.22 Magnum Materials
Nearly all .22 magnum rounds utilize lead cores and copper plating when it comes to bullets. .22 Mag cases are also thicker to handle higher pressures from powder ignition. More modern varieties of now utilize plastic ballistic tips in bullets. These plastic tips still provide maximum aerodynamics because of their streamlined design, but once the bullet strikes it's target the higher impact energy of a hollow point round is still maintained.
.22 Hornet Materials
Like .22 magnum rounds, the .22 Hornet also utilizes lead core bullets with copper jackets. Tips are commonly hollow point or plastic ballistic tip as well. However, since they handle the highest velocities of common .22 rounds, Hornet cartridges are very tough and are salvageable for repeated reloading.
.22 Bird Shot Materials
.22 bird shot utilizes lead shot pellets as its projectile. .22 bird Shot is still rimfire, and hence not suitable for reloading, but they are generally inexpensive enough that reloading isn't really worthwhile. More traditional crimped shells generally carry less shot than their more modern plastic capsule cousins, and shot delivery is also more effective with plastic cap bird shot because it requires less force to deploy the lead shot contained in the plastic. You should exercise caution before deciding to use bird shot with your rifled barrel. While countless .22 bird shot rounds have been fired out of rifled barrels, they are much more effective out of smooth bore barrels. There is likely no consequence of using a rifled barrel with .22 bird shot, but it doesn't hurt to do your research or reach out to the manufacturer to verify that it is safe to shoot .22 bird shot out of your rifle.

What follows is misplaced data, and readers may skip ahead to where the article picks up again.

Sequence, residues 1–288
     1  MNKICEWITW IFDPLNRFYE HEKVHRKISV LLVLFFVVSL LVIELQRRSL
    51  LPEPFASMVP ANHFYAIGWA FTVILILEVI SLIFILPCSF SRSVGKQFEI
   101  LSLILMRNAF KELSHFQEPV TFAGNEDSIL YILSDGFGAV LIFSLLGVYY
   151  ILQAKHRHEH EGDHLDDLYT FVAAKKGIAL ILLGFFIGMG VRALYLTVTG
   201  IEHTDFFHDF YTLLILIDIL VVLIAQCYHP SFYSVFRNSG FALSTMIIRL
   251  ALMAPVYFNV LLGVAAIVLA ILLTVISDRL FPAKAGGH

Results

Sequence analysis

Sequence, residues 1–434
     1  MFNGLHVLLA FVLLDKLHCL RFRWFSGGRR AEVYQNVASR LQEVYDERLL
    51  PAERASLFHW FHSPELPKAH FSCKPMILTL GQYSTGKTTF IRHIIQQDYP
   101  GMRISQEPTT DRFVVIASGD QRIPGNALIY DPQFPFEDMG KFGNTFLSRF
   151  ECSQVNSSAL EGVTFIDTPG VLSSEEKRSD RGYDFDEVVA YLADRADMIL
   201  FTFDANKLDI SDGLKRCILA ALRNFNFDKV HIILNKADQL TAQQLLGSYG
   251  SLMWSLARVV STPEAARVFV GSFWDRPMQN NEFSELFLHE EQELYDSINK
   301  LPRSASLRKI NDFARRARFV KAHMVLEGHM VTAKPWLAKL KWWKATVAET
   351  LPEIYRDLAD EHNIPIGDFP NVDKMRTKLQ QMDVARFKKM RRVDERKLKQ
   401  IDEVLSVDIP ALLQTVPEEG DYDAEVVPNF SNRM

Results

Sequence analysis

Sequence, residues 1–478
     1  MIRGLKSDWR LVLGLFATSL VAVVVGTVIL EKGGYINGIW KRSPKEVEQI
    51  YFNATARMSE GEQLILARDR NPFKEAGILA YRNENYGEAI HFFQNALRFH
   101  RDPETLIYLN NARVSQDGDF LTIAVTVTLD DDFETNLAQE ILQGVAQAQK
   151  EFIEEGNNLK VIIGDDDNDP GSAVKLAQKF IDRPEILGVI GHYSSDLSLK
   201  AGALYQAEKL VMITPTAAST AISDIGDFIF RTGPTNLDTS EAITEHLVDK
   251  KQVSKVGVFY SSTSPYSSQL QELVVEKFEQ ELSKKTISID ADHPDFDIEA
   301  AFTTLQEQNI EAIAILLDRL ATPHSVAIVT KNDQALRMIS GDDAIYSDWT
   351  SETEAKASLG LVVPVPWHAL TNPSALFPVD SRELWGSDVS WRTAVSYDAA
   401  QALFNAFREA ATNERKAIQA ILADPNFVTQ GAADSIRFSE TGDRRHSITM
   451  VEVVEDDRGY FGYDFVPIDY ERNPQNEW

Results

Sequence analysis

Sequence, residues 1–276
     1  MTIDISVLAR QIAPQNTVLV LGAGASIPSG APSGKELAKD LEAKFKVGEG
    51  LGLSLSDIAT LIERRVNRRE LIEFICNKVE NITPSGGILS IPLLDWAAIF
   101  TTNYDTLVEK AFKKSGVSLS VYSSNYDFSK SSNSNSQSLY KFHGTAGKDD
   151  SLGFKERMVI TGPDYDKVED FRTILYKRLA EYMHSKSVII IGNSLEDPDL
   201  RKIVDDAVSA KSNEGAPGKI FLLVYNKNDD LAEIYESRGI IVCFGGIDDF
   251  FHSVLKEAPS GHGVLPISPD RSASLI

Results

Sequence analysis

A Little Direction
It turns out .22 Ammo and its variants are a bit more complicated than you'd think, but choosing the right rifle and/or .22 ammo shouldn't be. First off, .22 ammo should never be viewed as self defense ammo because it just doesn't have the reliable stopping power desired in self-defense rounds. That being said, .22 ammo is still very lethal, and it should always be fired with the same respect you give any firearm. Unpredictable ricochet is also a very real possibility when shooting .22 rounds, and use with safety glasses is also of vital importance with this caliber like any ammunition.
Unless you have a novelty .22 pistol, avoid investing in .22 short ammo and/or .22 short specific firearms. You'll have a lot better luck with the .22 LR in every respect from accuracy to availability. When it comes to a entry level firearm, nothing beats a firearm that fires .22 LR rounds either. Now if you're a bit more serious about varmit or predator hunting, you can't go wrong with the .22 Hornet. It's a more reliable round than a .22 LR, and it's suited for a wider variety of hunting scenarios. You really shouldn't view the .22 Hornet as a plinking gun unless you're ready drop some serious cash on several boxes of ammo.
Whatever you decide on, do yourself a favor and make sure you have a .22 firearm in your gun safe. It's an invaluable tool for teaching anyone how to shoot safely and without fear of recoil, and just as importantly, they are an excellent way to enjoy a day at the rifle range.